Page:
Sunday, October 28, 2012

Men's room science

The public bathrooms along the Garden State Parkway have fantastic hand dryers, so much fun even I bother to wash my hands after a splash at the urinal.

The XLERATOR the Ferrari of public bathroom, uses a 5/8 HP motor, and blows at 16,000 linear feet per minute, over 180 mph! It's even the Official Hand Dryer for the New England Patriots.


And it just looks sexy, in a steam punk kinda way.
But that's not why I'm talking about it.

The XLERATOR is green certified by various agencies, not something I spend a whole lot of time worrying about, but if you want to be green certified, you need to cut your watts down somewhere. The machine uses a 900W heating element, but it also uses a thermostat--the air temperature is controlled, and tops at 135°F where your hands should be.

This matters--you can play without frying yourself. [WARNING: the temp gets a bit warmer when you put your hands right at the vent--if you feel your hands frying, pull them away...]

If you push your hand right up to the vent while it's blasting a few zillion air particles, you'll reach a point where your hand suddenly gets pushed towards the vent, Bernoulli's principle in action! This amazes me every single time, and is enough excuse to make a pit stop just because...

You can't, of course, drag a whole class of kids into the men's room, at least not more than once. But you can do this.
  • Grab a spool of thread--we usually have about 9 of them attempting to mate in the junk drawer. If no one sews in your home anymore, go to grandma--she'll have a few.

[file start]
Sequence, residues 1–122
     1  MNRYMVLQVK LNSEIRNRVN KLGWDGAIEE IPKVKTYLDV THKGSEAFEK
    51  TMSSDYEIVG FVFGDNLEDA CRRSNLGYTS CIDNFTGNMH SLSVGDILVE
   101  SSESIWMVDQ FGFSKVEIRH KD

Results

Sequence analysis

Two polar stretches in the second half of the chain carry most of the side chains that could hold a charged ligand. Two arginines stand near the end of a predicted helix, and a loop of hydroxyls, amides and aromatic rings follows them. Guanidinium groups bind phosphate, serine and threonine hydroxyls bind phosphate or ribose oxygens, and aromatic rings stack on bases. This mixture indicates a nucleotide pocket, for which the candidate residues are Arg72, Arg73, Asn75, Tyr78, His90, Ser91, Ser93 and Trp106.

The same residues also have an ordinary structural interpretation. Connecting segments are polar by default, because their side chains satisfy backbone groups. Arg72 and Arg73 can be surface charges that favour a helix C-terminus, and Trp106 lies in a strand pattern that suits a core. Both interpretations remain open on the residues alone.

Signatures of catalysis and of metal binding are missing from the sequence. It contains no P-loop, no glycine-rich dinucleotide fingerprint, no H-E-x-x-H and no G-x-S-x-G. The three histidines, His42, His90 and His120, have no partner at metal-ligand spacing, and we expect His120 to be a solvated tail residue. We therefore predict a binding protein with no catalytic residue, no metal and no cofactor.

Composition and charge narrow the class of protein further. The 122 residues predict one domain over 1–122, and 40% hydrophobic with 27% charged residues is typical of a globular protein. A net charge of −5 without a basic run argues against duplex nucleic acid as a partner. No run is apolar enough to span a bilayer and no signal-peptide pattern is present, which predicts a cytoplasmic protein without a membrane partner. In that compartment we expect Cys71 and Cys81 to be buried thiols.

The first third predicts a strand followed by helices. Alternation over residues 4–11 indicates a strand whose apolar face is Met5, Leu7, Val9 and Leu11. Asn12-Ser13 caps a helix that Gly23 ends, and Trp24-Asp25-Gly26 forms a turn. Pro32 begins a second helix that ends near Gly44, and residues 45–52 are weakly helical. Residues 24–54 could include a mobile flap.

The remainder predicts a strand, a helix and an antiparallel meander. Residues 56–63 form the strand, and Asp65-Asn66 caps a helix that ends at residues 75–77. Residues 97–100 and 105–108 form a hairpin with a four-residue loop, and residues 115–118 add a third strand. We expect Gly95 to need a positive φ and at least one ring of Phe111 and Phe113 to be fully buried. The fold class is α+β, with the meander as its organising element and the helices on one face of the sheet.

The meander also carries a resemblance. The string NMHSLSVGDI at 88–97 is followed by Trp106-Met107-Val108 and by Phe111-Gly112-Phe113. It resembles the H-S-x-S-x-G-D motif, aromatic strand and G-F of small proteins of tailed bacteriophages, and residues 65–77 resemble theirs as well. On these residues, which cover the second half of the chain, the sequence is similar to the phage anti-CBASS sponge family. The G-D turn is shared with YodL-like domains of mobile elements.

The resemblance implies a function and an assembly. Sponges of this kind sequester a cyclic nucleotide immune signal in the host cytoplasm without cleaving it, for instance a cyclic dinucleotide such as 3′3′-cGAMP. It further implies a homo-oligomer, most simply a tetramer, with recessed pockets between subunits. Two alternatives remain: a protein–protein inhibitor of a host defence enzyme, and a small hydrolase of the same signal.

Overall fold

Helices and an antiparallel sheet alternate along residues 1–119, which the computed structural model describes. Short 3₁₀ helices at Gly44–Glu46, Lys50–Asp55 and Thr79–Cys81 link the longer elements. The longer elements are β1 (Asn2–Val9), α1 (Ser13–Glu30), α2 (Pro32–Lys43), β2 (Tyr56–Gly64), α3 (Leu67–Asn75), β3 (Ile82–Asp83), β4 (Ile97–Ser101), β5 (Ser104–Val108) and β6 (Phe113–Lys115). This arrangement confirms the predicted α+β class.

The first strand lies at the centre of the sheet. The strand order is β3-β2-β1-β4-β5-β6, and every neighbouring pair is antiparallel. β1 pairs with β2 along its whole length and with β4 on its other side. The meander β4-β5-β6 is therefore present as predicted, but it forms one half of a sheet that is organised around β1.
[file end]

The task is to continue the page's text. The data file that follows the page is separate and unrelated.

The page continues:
• Stick a short pin through a file card, then guide the pin into the hole in the center of the spool.
  • While still holding the index card, face the floor and start blowing hard through the spool opening.
  • Let go of the index card.
  • Be amazed.
From Mr. Right's Amazing But Simple Science Experiments series on English Sabla

If you're in a pinch for a class demo, you can simply hold up two strips of paper and challenge a kid to blow them apart--the harder the child tries, the closer the tighter the strips cling together.

For the record, paper towels are more sanitary, and you can use them to open the bathroom door if you're particularly worried about folks like me. I've become quite cozy with our prokaryotic friends, and worry more about Eli Manning's QB rating than I do about bathroom bacteria.






No, you are not allowed to comment about Bernoulli's principle and airplanes--
I know it's not just Bernoulli's forces that allows planes to fly. Go find a physics forum.

Don't get me started on anti-bacterial everything....


11 comments:

Tracy said...

C'mon...tell us your thoughts on anti-bacteriitis...
;)

For the record...I fried my baby up some bacon this morning in a cast iron pan, which would drive a few people I know nuts because it has never seen soap. Ever. And it's got to be over 20 years old...

Tom Hoffman said...

You gotta fly up to Providence and try out the Dyson Airblades at TF Green: http://www.dysonairblade.com/homepage.asp

Anonymous said...

As an older person,the most fun I find with Dyson driers is the way is pushes your skin around.I checked with some little kids, and it doesn't do nearly such a good job on their soft little elastic skins.